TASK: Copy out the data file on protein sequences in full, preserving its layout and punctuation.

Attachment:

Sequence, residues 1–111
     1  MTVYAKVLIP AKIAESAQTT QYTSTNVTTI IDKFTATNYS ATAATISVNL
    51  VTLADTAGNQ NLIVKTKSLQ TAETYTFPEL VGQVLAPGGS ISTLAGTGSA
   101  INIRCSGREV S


Sequence, residues 1–111
     1  MTVYAKVLIP AKIAESAQTT QYTSTNVTTI IDKFTATNYS ATAATISVNL
    51  VTLADTAGNQ NLIVKTKSLQ TAETYTFPEL VGQVLAPGGS ISTLAGTGSA
   101  INIRCSGREV S